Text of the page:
Steer Clear from Abbreviating the Year 2020

It is a common practice for most people to abbreviate the date when signing documents. But law enforcement agencies nationwide are advising individuals: do not abbreviate 2020 when dating and signing documents as it opens the door to potential fraud.

As reported in Newsweek, “this is a problem is to do specifically with the year 2020, as abbreviating 2019 as “19” could only be changed to a date in the 1900s and abbreviating 2018 as “18” could only be changed to a date in the 1800s. Changing a document’s date from 2019 to 1999 would be a lot more difficult to fake as it would be a 20-year difference, compared to changing a document’s date from 2020 to 2019, which is only a one-year difference.”

Ira Rheingold is executive director for the National Association of Consumer Advocates, a nationwide nonprofit of over 1,500 attorneys and consumer advocates committed to the protection of consumer interests. He contacted numerous media sources including USA Today and CNN stating that those with nefarious intentions can take advantage of the abbreviated year to — among many other things — try and cash old checks or establish proof of unpaid debts. Though Rheingold says that it is still very early in the year for this type of fraud to have materialized, he also warns, “The dawn of a new decade also creates a unique opportunity for scammers.”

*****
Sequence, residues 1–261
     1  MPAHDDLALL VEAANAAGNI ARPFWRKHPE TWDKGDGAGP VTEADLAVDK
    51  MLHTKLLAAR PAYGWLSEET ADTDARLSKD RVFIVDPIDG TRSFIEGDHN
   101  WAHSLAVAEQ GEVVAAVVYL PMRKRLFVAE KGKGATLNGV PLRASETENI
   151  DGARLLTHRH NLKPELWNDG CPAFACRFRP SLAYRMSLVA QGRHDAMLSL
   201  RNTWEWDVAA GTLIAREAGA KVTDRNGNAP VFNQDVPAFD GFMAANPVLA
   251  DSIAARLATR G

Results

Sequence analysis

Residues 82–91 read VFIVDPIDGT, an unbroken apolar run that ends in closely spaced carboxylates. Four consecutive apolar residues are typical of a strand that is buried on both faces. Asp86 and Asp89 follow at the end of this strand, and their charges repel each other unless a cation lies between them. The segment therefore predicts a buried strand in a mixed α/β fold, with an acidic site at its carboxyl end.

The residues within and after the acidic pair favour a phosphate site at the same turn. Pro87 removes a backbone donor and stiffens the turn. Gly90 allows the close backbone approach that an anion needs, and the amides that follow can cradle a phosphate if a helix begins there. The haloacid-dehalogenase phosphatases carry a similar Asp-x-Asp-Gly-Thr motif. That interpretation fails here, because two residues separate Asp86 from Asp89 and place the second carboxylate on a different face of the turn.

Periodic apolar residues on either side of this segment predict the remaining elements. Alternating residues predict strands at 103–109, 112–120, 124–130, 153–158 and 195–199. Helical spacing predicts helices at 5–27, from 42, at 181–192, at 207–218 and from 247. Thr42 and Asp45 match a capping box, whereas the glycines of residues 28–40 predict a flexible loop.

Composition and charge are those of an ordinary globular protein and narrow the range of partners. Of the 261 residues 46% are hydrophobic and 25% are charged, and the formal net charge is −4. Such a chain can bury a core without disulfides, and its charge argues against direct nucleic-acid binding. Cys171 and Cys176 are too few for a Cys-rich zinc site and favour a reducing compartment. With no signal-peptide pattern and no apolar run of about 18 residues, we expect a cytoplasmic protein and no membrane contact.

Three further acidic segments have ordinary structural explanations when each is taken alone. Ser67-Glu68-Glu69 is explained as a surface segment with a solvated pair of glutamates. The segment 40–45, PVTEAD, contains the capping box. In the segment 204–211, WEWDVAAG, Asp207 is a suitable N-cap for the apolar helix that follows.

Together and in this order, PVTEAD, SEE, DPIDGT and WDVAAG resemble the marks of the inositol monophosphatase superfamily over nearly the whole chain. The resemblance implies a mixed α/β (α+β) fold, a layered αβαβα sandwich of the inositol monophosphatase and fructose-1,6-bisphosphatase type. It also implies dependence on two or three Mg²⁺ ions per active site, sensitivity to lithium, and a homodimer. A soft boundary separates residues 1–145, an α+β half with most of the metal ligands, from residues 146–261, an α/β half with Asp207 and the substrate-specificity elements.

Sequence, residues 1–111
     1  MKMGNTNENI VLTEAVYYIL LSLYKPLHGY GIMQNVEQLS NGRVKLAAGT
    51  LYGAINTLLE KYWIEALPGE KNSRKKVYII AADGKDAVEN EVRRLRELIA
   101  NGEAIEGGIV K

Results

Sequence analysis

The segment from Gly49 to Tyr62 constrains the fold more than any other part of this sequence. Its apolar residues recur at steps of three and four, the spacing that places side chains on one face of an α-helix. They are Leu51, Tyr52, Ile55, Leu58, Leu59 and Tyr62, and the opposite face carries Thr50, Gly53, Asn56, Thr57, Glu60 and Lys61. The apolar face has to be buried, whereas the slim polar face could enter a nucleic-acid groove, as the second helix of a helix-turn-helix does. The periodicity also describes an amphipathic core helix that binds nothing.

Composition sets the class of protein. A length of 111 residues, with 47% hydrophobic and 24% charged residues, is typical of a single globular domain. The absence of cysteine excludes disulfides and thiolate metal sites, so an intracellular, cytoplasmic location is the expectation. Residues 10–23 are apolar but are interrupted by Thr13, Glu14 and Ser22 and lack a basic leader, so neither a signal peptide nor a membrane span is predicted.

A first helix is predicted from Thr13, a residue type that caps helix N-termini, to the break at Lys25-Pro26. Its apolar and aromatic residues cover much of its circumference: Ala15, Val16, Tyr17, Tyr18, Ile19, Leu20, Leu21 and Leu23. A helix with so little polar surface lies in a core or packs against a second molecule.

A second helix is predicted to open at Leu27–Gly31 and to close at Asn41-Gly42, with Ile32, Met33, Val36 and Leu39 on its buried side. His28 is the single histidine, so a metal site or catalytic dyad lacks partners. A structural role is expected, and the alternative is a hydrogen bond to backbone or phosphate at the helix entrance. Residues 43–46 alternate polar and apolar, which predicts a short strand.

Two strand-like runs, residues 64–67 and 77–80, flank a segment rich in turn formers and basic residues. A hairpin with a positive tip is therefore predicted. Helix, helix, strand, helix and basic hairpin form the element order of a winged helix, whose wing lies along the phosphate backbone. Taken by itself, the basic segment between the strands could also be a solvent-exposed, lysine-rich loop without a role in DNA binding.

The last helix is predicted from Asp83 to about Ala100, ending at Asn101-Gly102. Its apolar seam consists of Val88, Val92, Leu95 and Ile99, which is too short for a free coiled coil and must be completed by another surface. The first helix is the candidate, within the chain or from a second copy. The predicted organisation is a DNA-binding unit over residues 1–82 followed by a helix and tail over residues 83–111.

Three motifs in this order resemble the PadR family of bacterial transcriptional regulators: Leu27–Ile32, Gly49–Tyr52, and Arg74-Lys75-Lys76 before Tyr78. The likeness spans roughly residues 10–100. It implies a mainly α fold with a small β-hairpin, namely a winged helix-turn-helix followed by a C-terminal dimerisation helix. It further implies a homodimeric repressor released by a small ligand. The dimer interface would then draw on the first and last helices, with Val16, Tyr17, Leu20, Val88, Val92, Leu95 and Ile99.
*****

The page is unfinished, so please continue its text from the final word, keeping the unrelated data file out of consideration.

As an example, by shortening the date on a document to read 2/14/20, the year can very easily be changed by adding two numbers to the end: 2/14/2017 or 2/14/2023.

This ultimately alters the legal impact of those documents. In some instances, this modification could result in voiding or otherwise negatively modifying the documents. It could also reestablish other documents as valid.

The possibility for scammers or fraudsters to take advantage of this very simple habit are widespread, which is why police departments, consumer advocates, financial and legal professionals as well as numerous others, including title companies, are warning consumers to be extra cautious.

“Say you agreed to make payments beginning on 1/15/20. The bad guy could theoretically establish that you began owing your obligation on 1/15/2019, and try to collect additional $$$,” wrote Rheingold in his correspondence to various media outlets.

The solution to thwarting this issue is simple: write out the year 2020 in full. Even better, officials suggest avoiding any type of issue by write out the date completely: February 03, 2020.

If you haven’t made a New Year’s resolution, make one beginning today to write out the year 2020 in full.

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